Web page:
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Theater review: 'Palestine, New Mexico' at Mark Taper Forum

December 14, 2009 |  6:00 pm

Palestine cover

The deserts of the Middle East and the Southwestern United States are far apart in every sense, but in “Palestine, New Mexico,” an odd mash-up of a work by Richard Montoya for Culture Clash, the cultural cartography is redrawn.

The play, which had its world premiere Sunday at the Mark Taper Forum, contrives a common denominator in a disputed homeland that renders history a mystery and identity an even bigger puzzle. It’s a rich premise and another sign of Culture Clash’s ambition to plumb new multicultural depths of meaning by broadening its Chicano worldview.

Hard-core fans will be relieved to hear that the company’s lunatic irreverence hasn’t diminished as the subject matter has grown more serious. (Wait till you hear about the Native American tribes discovering their Jewish ancestry.) Unfortunately, this mix of antic comedy and tense drama hasn’t yet gelled into an assured style.

Palestine2 Director Lisa Peterson, who also staged Culture Clash’s more satisfying “Water & Power” at the Taper, erects an impressively elaborate production that inadvertently makes the work seem disproportionately smaller. The play’s shortcomings would be less glaring in a more bare-bones presentation. Yet the passionate plea for peace underlying this somber (and messily organized) farce will touch more than the company's army of guffawing loyalists.  

The landscape of red rocks, cactuses and chaparral of would seem to situate us not too far from home. But when the sky turns cobalt blue and the Muslim call to prayer is sounded, all geographical bets are off. Rachel Hauck’s scenic design and Alexander V. Nichols’ lighting and projection wizardry combine to invoke touches of Georgia O’Keeffe and Salvador Dalí. The effect intentionally leaves you flipping through mental atlases.

“Which desert of death am I in?” asks Capt. Catherine Siler (Kirsten Potter), a military officer vaguely reminiscent of Iraq war veteran Jessica Lynch. Siler appears shell-shocked, and the guns pointing at her from above confirm that she’s in hostile territory. Yet, surrounded by swearing Native Americans, she’s clearly not in Afghanistan anymore.

What has possessed this woman, journeying from one embattled sand trap to another, to wander illegally onto the reservation? Siler is fulfilling her duty to Pfc. Raymond Birdsong, a fallen soldier who once saved her life. She has arrived bearing a letter he wrote to his father, Chief Birdsong (Russell Means), and she hopes in return to uncover information that could help her resolve unanswered questions about his death.
In particular, Siler wants to find out more about a soldier from a rival tribe named Suarez (Justin Rain), who Raymond mentioned in his last breath. Could he be the culprit rather than Taliban fire? Chief Birdsong just wants his son’s ghost (a role also assumed by Rain) to progress peacefully to the next world. But Siler, aided by Maria 15 (Geraldine Keams), the reservation’s wacky female “medicine man,” is determined to get to bottom of the story.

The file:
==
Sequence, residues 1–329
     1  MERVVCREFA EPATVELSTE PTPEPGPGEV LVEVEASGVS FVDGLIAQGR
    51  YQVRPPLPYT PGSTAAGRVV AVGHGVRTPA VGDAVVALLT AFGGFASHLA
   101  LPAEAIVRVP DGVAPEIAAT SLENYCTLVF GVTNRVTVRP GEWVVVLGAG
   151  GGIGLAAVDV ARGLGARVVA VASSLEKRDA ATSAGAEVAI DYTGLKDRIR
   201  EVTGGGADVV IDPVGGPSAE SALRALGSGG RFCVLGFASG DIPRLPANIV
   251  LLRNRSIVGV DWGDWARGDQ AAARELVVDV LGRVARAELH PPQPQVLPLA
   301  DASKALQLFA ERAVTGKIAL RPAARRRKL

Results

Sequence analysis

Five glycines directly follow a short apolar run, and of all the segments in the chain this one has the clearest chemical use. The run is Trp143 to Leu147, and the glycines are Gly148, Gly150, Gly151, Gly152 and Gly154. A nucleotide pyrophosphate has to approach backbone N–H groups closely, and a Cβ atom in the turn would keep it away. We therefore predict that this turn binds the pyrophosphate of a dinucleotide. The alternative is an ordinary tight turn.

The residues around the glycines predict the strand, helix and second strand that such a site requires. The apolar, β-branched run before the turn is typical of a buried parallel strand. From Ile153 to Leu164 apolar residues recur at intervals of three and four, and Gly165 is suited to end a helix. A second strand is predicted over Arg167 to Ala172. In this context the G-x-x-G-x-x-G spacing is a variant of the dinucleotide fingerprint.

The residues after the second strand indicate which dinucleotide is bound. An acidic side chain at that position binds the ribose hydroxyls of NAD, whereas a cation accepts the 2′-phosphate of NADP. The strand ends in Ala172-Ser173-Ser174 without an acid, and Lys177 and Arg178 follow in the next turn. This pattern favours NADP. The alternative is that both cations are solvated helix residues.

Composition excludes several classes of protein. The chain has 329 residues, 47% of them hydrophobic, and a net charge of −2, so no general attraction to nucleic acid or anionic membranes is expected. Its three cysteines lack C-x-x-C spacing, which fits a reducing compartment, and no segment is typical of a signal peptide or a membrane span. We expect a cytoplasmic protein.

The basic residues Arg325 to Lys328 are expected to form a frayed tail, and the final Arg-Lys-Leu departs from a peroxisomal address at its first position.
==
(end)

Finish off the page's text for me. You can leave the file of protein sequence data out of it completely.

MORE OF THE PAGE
And what a cockeyed tale it is. With the Culture Clash trio of Montoya, Ric Salinas and Herbert Siguenza adopting outlandish disguises and recycling old Indian shtick, the dizzying cast of characters comes to the realization that Raymond and Suarez’s warring tribal factions may in fact be joined by a grandmother’s menorah. Oy vey!

This curious development leads to a fantasy sequence featuring, among other harebrained shenanigans, a golem in the shape of a cactus. The high jinks have a fatuous air that aims to translate the zaniness of the Marx Brothers and Aristophanes into Culture Clash’s unique brand of tomfoolery. But the plot is convoluted in a way that isn’t always fun to follow, and the audience is put in the position of having to humor humorists having an off day. Even the circumcision jokes fall flat.

Potter acts with gritty conviction and the ensemble pulls out all the stops to get a rise, but these two tonalities don’t meld as well as they might. “Palestine, New Mexico” attempts to heal ancient divisions yet remains stylistically discordant.
It’s not until the burial procession finale that the play’s patchwork vision is united. But then, death has a knack for reconciling irreconcilable differences.
-- Charles McNulty 

‘Palestine, New Mexico." Mark Taper Forum, 135 N. Grand Ave., Los Angeles Music Center. 8 p.m. Tuesdays through Fridays, 2:30 and 8 p.m. Saturdays, 1 and 6:30 p.m. Sundays (call for exceptions). Ends Jan. 24. $20 to $65. (213) 628-2772 or Running time: 1 hour, 15 minutes

Photos: Top: Kirsten Potter and Justin Rain. Bottom: Geraldine Keams and Potter. Credit: Anne Cusack / Los Angeles Times